An act of identifying something precisely or of stating a precise requirement
Specifications are a way of laying out client requirements, maybe in slightly more depth, or more technical detail than used in user stories.
It’s important to know exactly where the limits of a feature need to be, and what functionality the client expects. These explicit declarations are needed for all aspects of the development cycle, from project managing (accurate time scales can’t be given if people have to keep going back and changing things) through to testing – we need to know exactly what data to test the functions with, what the expected results and goals are, and how it integrates with other parts of the system.
The specification template I use is as follows:-
The user story/ies associated with the feature, or a short description of the feature
A more in depth, numbered and/or bulleted list of every part of the feature. Multiple lists can be used if different users will interact differently with the feature (for example, users and admins, or clients and the users/customers* of the site). These should also be in priority order.
This can also include use cases, and what to expect when using it, thus forming part and a good basis of a test plan. It’s also important to include what the specification or feature doesn’t cover – what’s out of scope or needs to remain unaffected by the new feature.
To be filled in after development is finished. This is technically not part of the specification, but is useful when the feature is to be put on other sites. It specifies any modules used, or things that need to be installed in order for the function to work, any information needed from the client, and any dependencies that the feature has.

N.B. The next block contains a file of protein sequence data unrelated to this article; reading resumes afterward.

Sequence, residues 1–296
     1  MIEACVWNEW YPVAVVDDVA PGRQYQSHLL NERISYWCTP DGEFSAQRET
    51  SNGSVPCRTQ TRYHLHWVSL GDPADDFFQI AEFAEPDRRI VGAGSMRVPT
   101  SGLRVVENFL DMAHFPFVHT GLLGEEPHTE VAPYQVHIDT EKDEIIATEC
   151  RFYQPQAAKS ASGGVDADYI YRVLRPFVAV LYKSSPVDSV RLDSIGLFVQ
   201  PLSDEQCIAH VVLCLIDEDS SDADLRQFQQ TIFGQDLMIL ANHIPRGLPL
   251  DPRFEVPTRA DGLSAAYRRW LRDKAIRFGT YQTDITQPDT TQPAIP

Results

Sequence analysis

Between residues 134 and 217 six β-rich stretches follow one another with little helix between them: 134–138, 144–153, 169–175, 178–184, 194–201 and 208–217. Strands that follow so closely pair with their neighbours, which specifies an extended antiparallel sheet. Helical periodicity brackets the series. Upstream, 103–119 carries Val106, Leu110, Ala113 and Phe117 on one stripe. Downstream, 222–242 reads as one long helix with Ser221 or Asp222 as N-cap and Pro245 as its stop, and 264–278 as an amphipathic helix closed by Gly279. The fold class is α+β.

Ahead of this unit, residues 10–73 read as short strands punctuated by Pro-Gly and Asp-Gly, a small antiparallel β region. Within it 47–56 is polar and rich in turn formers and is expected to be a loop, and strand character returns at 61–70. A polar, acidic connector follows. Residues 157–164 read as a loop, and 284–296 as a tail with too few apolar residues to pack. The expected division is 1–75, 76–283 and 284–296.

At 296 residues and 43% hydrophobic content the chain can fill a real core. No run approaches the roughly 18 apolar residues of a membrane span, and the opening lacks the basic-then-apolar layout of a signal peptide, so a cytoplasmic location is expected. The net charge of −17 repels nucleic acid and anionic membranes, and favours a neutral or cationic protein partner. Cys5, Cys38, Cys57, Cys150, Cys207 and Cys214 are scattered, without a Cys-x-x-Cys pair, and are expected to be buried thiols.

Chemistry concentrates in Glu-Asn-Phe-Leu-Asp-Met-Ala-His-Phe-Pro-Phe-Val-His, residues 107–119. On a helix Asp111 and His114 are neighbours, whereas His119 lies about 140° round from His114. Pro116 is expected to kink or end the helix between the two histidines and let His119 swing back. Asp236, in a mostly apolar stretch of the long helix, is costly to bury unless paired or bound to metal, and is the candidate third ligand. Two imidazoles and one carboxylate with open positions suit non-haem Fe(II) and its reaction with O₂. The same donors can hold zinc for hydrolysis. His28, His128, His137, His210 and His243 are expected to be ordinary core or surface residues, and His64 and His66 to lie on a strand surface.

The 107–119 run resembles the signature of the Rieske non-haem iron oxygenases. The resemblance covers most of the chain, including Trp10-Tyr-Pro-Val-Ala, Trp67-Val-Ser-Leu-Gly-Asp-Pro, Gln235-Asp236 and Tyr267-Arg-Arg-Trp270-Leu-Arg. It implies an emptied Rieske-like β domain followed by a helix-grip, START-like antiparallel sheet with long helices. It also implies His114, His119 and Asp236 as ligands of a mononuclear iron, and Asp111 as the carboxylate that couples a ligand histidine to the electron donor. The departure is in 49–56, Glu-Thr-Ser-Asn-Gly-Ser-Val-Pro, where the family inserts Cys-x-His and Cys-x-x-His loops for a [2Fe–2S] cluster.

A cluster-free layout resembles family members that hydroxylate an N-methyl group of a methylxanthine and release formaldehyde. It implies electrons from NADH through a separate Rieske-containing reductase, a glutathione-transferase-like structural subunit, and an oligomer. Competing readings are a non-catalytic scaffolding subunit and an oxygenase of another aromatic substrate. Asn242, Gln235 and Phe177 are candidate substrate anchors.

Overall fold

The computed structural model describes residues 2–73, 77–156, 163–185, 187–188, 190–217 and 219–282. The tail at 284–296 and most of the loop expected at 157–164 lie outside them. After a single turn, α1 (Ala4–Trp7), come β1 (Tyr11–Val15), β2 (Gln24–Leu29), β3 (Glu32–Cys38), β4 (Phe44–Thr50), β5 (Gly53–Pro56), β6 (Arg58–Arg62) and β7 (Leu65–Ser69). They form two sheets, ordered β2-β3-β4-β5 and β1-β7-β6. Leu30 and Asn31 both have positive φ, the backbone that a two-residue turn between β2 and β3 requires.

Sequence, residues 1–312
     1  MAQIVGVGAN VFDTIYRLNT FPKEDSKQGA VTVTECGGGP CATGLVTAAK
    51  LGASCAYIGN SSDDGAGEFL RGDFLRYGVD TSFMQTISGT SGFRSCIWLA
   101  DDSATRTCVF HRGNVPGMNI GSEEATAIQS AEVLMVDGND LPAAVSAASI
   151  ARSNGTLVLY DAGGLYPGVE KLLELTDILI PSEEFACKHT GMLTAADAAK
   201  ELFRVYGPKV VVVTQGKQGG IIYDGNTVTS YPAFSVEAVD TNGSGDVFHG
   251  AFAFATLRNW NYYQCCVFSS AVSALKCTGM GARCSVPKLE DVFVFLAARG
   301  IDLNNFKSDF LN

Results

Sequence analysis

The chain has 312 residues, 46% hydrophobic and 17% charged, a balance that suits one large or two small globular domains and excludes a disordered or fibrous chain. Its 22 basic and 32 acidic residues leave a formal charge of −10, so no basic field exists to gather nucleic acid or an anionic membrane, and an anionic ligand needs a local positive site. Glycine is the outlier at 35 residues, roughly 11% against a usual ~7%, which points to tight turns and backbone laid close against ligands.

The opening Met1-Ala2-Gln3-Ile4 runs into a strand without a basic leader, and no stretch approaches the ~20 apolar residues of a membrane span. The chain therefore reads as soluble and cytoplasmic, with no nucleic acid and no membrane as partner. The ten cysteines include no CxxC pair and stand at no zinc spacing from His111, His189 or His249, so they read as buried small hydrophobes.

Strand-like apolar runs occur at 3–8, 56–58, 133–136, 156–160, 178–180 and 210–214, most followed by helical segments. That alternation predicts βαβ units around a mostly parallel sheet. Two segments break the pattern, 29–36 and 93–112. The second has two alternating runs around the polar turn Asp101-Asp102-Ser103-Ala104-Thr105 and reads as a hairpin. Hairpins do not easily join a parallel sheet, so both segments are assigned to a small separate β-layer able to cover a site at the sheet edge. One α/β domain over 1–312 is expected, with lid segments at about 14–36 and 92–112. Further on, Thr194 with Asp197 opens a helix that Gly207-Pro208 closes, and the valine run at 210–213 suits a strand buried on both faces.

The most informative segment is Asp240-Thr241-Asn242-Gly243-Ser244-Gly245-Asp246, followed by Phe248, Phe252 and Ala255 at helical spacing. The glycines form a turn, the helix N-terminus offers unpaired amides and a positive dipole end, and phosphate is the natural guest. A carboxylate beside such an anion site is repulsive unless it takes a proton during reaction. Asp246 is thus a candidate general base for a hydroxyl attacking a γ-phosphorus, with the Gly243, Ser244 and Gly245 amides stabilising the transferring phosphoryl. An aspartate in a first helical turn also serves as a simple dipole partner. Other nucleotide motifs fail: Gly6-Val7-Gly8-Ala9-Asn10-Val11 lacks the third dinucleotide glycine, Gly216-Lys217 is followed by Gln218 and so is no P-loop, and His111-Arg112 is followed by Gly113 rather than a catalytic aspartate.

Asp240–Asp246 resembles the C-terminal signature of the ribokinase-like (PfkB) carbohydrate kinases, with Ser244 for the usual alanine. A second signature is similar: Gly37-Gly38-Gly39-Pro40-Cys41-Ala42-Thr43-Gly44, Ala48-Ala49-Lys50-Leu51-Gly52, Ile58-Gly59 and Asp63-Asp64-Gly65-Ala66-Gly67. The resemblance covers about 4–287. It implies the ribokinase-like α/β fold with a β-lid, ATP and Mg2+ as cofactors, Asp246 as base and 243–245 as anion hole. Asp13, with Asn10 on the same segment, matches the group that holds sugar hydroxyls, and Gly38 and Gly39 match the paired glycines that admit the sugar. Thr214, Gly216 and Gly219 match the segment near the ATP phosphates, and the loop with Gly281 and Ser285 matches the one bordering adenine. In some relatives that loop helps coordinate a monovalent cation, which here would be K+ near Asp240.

This document then serves as a specification and a useful document for training clients and staff in how to use the feature. Its a central repository of all the information about this feature, and so prevents the situation where only two people understand how a feature works, and the panic that can occur when those people are off work, or move on to another job.
Efficiency is the name of the game, here. Testing takes up a lot of time, and we don’t directly generate money for the business (not directly anyway, not in the same way developers, designers, and support staff do), so working quickly, but efficiently and effectively is even more important than you first think.
A specification is pretty much the most important document you can have when it comes to development and testing. Without it, you’re left developing and testing something based off notes, emails, or maybe even a remembered conversation. Now, you could argue that there are some features that are small and simple enough that a full specification isn’t needed, but I still believe that a document – even if it’s just in that specific client’s file of folder, that explains what the feature is and how its used is useful for future reference.
*In my current job, because we are an e-commerce company, we refer to clients and customers as a way to differentiate our clients, who run and use the site, and customers, who buy things from our client using our sites. In other environments, users could work in the place of customers.